Outline Logistics Bayes Nets joint probability distribution, conditional independence graphical representation inference (deduction & diagnosis) Review Logistics Learning Problem Set Due Project Status Movie Ids Sample Queries Reports Due 6/11 Sources of Uncertainty Medical knowledge in logic? Toothache <=> Cavity Problems Too many exceptions to any logical rule
Tiring to write them all down Hard to use enormous rules Doctors have no complete theory for the domain Dont know the state of a given patient state Agent has degree of belief, not certain knowledge 3 Agents With Uncertainty Uncertainty is ubiquitous in any problem-solving domain (except maybe puzzles) Initial state Dont know whether or not a full fuel drum will be available Dont know the contents of every document on the web Plenty we dont know about a patients internal state Effects of actions Sometimes actions just fail We often dont know every precondition and every effect of every action Exogenous events
Other agents or forces change the world out from under us Knowledge Representation Defining a KR Syntax Semantics Atomic sentences, Connectives Nodes, Arcs, cProb Tables Inference Truth Tables Joint probability distribution Evaluating a KR How expressive? Modus Ponens, Resolution, GSAT Twosoundness, phase network prop & algo Inference: completeness
speed Propositional Propositional Logic Logic First Order Logic Datalog STRIPS STRIPSActions Actions Bayes Networks Decision Networks You cant have it all 5 Ways to Represent Uncertainty Disjunction If information is correct but complete, your knowledge might be of the form I am in either s3, or s19, or s55 If I am in s3 and execute a15 I will transition either to s92 or s63
What we cant represent There is very unlikely to be a full fuel drum at the depot this time of day When I execute (pickup ?Obj) I am almost always holding the object afterwards The smoke alarm tells me theres a fire in my kitchen, but sometimes its wrong Numerical Repr of Uncertainty Probability Our state of knowledge about the world is a distribution of the form prob(s), where s is the set of all states 0 <= prob(s) <= 1 for all s S prob(s) = 1 For subsets S1 and S2, prob(s1 S2) = prob(s1) + prob(s2) - prob(s1 S2) Note we can equivalently talk about propositions: prob(p q) = prob(p) + prob(q) - prob(p q) Interval-based methods .4 <= prob(p) <= .6 Fuzzy methods D(tall(john)) = 0.8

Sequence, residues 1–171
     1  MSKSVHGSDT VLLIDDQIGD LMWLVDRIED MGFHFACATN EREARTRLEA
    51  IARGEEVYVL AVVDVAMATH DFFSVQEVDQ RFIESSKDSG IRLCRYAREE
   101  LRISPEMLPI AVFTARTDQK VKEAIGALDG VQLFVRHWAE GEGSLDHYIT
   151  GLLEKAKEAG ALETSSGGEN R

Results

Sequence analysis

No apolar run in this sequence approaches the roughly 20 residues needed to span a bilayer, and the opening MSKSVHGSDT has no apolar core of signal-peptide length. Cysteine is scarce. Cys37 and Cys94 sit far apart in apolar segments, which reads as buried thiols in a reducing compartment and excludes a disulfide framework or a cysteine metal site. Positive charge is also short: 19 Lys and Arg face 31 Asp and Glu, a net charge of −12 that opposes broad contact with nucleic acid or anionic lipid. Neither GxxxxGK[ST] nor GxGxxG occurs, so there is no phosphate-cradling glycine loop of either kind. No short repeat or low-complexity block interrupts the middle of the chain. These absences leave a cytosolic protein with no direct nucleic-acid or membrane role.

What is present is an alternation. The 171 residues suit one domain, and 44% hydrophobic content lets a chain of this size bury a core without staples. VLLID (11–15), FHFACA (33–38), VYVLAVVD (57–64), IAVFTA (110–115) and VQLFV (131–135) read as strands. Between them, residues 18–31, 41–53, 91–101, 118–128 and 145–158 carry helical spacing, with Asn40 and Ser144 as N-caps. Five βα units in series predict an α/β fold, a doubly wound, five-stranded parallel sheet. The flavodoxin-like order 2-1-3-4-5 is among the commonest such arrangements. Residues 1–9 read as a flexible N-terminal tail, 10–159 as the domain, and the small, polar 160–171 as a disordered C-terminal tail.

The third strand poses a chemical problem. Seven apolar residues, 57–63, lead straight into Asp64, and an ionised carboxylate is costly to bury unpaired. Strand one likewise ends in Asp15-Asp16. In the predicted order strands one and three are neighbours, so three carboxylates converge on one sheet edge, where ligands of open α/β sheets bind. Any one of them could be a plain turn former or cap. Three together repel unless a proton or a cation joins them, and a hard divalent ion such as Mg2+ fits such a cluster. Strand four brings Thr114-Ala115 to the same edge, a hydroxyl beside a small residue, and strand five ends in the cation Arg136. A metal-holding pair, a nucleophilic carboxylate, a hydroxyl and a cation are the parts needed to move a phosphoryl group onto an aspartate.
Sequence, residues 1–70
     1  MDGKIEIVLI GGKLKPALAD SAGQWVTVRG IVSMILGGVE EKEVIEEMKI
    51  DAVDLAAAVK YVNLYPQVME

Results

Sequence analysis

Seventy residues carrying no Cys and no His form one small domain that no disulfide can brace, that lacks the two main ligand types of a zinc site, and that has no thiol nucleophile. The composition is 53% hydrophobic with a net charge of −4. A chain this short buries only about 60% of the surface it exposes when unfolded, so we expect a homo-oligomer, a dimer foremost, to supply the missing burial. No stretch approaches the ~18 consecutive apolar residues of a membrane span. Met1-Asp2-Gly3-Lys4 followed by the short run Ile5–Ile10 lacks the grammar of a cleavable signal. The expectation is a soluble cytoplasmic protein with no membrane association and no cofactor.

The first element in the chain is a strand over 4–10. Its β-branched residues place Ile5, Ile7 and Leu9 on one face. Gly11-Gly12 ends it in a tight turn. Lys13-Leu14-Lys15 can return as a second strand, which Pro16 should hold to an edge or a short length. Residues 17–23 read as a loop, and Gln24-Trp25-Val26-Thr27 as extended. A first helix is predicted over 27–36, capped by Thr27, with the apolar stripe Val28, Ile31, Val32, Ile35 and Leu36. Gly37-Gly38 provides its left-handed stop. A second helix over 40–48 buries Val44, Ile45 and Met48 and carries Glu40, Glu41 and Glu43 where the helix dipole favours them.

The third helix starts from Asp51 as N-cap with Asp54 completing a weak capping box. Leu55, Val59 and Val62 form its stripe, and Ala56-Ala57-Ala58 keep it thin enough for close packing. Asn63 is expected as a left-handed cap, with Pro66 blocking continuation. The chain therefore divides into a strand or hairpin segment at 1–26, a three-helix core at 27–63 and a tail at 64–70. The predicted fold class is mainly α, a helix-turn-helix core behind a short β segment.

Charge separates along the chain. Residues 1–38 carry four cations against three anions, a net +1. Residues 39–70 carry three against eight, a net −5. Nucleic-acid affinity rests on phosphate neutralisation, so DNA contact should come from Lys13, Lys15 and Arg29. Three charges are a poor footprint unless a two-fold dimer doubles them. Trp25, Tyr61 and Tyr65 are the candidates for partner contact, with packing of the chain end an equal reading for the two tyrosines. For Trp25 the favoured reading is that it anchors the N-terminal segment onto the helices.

Probability As Softened Logic Statements of fact Prob(TB) = .06 Soft rules TB cough Prob(cough | TB) = 0.9 (Causative versus diagnostic rules) Prob(cough | TB) = 0.9 Prob(TB | cough) = 0.05 Probabilities allow us to reason about Possibly inaccurate observations Omitted qualifications to our rules that are (either epistemological or practically) necessary Probabilistic Knowledge Representation and Updating Prior probabilities: Prob(TB) (probability that population as a whole, or population under observation, has the disease)
Conditional probabilities: Prob(TB | cough) updated belief in TB given a symptom Prob(TB | test=neg) updated belief based on possibly imperfect sensor Prob(TB tomorrow | treatment today) reasoning about a treatment (action) The basic update: Prob(H) Prob(H|E1) Prob(H|E1, E2) ... Example: Is This Cow a Menace? Moo Cows are unlikely to be mad. But, Cows that Moo green are more likely to be mad. And, Cool cows are less likely to be mad than hot cows, and the thermometer does a pretty good job of distinguishing between the two.
Basics Random variable takes values Cavity: yes or no Joint Probability Distribution Unconditional probability (prior probability) Ache #Ache Cavity 0.04 #Cavity 0.01 0.06 0.89 P(A) P(Cavity) = 0.1 Conditional Probability P(A|B) P(Cavity | Toothache) = 0.8 Bayes Rule